In the haste and confusion of Philadelphia many Republican delegates had been carried forward on the crest of a tidal wave of popular support for Willkie. During the campaign of 1940 and afterward, until Willkie's death in 1944, the Republican party was led by a man who was unashamed of his espousal of many New Deal goals and who was committed to what for most Republicans was a complete anathema -- "One World" -- in international affairs. After 1940 the Republicans would not make the mistake of nominating a political free-lancer like Willkie; even so they could not throw off Willkie's imprint. The party was never to be the same.
Despite the vigorous campaign Willkie waged in 1940 he could not overcome the strong attachment of farmers and laborers to Roosevelt. Moreover the same consideration -- the gravity of the world situation -- which had caused many to advocate his nomination was a major factor in influencing the voters to support Roosevelt as a proven leader. In addition to these factors, Willkie's campaign was confused and disorganized. These same two elements had been present in his contest for the nomination, and they had seemed to help rather than hinder him. However, in a nationwide campaign in which voters had to be given strong reasons for breaking their traditional loyalties, confusion and disorganization made it appear that Willkie was not capable of national leadership. Even with these liabilities Willkie polled more votes than any previous Republican presidential candidate. He had cut the President's margin in half and had garnered more votes than Dewey would in 1944 or 1948.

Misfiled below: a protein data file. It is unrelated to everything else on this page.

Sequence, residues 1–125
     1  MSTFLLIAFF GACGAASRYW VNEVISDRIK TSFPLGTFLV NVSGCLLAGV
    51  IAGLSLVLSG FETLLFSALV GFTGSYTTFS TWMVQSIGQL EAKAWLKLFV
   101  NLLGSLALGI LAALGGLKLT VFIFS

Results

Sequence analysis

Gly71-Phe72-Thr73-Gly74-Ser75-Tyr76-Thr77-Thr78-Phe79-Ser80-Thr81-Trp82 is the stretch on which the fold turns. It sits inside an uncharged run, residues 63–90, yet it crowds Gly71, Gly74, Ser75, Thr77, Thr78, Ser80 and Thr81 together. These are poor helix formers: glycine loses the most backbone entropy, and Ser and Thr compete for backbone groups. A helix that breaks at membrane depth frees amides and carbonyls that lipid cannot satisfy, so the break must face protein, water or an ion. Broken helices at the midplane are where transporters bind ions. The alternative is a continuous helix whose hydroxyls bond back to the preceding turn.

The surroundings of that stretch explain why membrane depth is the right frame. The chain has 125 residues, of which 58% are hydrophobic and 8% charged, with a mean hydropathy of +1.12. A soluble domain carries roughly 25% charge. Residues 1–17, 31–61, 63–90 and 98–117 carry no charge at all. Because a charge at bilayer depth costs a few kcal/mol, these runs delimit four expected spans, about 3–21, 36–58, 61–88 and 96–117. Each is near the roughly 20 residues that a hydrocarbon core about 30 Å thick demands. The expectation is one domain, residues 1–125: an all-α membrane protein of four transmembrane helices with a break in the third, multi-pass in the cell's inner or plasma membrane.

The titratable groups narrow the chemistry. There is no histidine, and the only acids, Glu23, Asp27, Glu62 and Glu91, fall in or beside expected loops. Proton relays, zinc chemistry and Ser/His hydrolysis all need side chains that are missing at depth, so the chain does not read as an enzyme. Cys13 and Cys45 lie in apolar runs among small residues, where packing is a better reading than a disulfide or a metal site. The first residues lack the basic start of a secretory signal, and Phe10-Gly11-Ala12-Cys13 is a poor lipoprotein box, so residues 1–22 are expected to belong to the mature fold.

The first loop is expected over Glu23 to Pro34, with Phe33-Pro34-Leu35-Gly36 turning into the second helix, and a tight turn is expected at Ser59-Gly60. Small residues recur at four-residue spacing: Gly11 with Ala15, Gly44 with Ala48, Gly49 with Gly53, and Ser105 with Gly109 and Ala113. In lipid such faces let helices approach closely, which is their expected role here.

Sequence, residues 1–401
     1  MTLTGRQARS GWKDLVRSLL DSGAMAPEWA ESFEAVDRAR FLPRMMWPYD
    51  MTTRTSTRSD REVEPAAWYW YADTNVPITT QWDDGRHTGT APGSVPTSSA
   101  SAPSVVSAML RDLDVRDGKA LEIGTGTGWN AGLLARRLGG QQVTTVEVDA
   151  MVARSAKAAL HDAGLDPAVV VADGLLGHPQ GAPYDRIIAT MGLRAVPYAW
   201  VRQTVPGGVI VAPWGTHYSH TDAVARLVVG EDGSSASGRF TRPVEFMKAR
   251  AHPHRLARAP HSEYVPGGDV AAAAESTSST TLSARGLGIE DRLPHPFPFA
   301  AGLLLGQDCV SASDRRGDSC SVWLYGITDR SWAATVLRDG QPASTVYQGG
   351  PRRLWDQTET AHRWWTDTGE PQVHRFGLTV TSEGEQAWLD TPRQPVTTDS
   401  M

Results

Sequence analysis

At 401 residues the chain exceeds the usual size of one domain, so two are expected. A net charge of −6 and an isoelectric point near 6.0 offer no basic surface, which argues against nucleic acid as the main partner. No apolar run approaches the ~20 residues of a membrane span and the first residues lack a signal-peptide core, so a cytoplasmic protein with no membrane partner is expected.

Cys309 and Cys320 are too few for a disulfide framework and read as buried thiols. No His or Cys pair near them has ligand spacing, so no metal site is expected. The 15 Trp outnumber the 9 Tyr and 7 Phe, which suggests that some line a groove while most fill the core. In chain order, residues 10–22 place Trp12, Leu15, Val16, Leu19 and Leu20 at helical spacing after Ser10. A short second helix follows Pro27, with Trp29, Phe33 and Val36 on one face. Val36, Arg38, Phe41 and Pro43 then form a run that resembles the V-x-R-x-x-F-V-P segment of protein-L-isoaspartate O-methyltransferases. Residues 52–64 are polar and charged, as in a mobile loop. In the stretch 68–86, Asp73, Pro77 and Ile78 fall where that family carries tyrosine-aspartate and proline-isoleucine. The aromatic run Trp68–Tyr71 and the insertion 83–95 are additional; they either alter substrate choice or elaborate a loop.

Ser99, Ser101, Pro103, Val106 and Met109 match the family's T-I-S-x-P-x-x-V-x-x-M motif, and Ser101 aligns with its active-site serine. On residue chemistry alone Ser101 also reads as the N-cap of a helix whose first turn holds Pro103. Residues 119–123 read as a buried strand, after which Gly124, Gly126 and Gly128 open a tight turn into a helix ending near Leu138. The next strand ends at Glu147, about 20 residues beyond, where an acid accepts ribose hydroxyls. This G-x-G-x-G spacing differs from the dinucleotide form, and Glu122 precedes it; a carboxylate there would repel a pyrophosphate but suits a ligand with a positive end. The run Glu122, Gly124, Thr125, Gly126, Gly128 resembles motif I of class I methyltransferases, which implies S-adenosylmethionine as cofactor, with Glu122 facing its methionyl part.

One week after the election, Willkie issued a patriotic call to all Republicans, designating their proper role as that of the "loyal opposition." A number of Republican official organizations considered resolutions condemning Willkie. The publicity director of the Republican